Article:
Wednesday, July 25, 2012

Here’s your invite to reuse and remix the 4 million Creative Commons-licensed videos on YouTube

Today’s guest post comes from Cathy Casserly, CEO of Creative Commons (CC), for an update on CC BY videos on YouTube.


Four million creative commons videos on YouTube are just waiting to be reused, remixed, and reimagined—more videos than anywhere else in the world.

Since the Creative Commons video library launch on YouTube a year ago, you’ve added more than 40 years’ worth of video to the mix. Anyone, anywhere can edit, build on and republish the library’s videos for free thanks to the Creative Commons Attribution license, otherwise known as CC BY.

Do you need a professional opening for your San Francisco vacation video? Perhaps some gorgeous footage of the moon for your science project? How about a squirrel eating a walnut to accompany your hot new dubstep track? All of this and more is available to inspire and add to your unique creation. Thanks to CC BY, it’s easy to borrow footage from other people’s videos and insert it into your own, because the license grants you the specific permissions to do so as long as you give credit to the original creator.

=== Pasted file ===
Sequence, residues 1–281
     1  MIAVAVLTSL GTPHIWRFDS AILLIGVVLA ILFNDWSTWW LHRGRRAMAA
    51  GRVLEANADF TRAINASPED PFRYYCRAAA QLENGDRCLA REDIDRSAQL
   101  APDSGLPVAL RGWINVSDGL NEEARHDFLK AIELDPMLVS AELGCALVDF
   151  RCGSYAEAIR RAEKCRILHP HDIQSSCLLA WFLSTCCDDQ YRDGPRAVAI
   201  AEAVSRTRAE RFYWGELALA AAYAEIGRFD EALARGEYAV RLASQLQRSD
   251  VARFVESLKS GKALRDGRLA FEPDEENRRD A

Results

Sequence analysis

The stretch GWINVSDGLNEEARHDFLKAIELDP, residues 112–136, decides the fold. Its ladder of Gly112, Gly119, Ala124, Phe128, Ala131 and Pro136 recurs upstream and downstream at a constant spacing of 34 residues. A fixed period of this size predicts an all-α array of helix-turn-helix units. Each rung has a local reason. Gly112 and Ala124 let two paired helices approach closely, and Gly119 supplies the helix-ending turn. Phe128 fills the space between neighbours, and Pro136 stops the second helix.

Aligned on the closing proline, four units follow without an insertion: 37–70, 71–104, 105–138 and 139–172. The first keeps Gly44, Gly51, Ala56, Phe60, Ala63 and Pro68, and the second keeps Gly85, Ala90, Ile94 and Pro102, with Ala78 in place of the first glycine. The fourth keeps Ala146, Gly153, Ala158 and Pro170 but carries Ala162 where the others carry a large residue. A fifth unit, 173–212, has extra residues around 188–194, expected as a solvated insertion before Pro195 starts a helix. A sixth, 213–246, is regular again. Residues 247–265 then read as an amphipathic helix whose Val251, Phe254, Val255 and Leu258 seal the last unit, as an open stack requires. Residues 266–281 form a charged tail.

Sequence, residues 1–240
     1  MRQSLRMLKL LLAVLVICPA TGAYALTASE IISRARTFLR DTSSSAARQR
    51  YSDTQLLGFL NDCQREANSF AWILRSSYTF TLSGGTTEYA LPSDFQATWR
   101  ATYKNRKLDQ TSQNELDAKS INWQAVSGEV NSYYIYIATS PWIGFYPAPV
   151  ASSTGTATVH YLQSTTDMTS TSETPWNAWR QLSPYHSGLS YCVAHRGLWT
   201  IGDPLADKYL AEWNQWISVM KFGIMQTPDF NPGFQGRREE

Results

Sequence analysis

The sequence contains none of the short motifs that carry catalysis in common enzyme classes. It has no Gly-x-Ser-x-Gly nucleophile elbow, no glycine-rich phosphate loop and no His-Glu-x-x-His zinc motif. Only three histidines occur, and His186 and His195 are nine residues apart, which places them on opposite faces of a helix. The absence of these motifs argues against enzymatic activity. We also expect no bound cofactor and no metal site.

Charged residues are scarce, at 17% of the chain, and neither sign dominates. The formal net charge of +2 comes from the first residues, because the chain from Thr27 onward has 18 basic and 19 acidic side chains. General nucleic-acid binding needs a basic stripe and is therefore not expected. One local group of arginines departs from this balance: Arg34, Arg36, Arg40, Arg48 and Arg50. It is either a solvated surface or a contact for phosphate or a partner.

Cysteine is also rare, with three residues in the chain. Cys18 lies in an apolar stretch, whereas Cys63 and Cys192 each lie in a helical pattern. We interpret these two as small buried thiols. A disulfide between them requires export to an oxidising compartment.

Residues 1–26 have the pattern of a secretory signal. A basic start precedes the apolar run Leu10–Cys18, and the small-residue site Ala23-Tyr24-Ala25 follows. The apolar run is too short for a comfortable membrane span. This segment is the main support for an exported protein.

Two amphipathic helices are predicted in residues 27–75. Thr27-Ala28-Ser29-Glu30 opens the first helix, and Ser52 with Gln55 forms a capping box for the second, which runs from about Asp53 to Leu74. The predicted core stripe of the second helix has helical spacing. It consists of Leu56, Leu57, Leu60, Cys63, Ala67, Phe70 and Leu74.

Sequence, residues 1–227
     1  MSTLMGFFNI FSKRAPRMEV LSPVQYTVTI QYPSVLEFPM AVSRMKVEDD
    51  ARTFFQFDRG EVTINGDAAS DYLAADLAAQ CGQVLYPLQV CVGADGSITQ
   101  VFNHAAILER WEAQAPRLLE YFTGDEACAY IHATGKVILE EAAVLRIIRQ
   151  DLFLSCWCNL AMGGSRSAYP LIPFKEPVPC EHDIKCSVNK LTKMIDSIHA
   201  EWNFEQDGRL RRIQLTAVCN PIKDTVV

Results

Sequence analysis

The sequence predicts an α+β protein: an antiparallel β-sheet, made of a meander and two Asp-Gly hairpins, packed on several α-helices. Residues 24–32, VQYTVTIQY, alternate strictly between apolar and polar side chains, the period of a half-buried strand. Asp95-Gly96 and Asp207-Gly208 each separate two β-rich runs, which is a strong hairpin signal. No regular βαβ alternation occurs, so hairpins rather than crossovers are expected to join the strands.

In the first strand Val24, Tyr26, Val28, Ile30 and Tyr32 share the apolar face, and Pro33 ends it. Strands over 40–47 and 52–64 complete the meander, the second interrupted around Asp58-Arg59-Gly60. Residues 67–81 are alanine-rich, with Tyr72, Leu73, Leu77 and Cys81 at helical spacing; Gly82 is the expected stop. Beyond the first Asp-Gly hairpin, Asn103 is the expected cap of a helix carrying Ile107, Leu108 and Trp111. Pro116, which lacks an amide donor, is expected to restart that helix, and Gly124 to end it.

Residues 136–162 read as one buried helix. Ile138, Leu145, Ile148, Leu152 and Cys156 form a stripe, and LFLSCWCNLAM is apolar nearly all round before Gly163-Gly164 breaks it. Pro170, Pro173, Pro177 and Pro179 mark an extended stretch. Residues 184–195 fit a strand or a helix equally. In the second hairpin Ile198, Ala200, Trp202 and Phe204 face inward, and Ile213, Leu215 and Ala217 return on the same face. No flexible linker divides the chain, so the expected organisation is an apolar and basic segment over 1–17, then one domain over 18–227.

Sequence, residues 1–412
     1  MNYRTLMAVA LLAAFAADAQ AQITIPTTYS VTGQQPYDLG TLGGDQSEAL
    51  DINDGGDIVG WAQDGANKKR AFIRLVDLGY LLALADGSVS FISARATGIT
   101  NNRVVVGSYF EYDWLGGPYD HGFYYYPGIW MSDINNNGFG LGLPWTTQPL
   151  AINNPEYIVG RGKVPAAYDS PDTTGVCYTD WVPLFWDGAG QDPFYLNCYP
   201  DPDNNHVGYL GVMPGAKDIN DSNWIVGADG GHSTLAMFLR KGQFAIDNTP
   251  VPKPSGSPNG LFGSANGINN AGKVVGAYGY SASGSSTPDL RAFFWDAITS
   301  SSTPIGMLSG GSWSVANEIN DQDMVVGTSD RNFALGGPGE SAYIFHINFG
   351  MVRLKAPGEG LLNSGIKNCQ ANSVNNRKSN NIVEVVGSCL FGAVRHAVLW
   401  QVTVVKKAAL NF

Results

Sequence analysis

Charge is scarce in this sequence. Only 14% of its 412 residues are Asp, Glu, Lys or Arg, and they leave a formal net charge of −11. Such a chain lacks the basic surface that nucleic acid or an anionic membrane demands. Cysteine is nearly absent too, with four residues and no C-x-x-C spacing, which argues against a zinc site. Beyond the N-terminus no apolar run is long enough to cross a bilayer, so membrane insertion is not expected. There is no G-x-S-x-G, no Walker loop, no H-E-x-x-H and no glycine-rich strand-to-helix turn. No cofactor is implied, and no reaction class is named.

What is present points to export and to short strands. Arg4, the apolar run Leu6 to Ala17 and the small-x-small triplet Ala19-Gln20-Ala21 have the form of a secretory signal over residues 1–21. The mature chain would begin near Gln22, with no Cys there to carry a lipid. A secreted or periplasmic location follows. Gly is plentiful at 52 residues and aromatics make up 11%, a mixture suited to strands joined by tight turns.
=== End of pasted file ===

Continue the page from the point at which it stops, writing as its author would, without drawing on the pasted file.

You can pass on the creative spirit when you publish your video, by choosing the option to license it under CC BY so that others can reuse and remix your footage with the YouTube Video Editor. This is where the fun really starts. Imagine seeing your footage used by a student in Mumbai, a filmmaker in Mexico City, or a music video director in Detroit. By letting other people play with your videos, you let them into a global sandbox, kicking off a worldwide team of collaborators. We all yearn to create and contribute – now you can join the fun, and open the door to collective imagination.



Ready to start adding the CC BY license to your original YouTube videos? If you want to grant the YouTube community the right to reuse and edit your video, select “Creative Commons Attribution license” from the “License and rights ownership” menu. Starting today, you also have the option to license your future videos under CC BY as a default. For more information, visit YouTube’s Creative Commons page.

Guest to the YouTube blog, Cathy Casserly, CEO of Creative Commons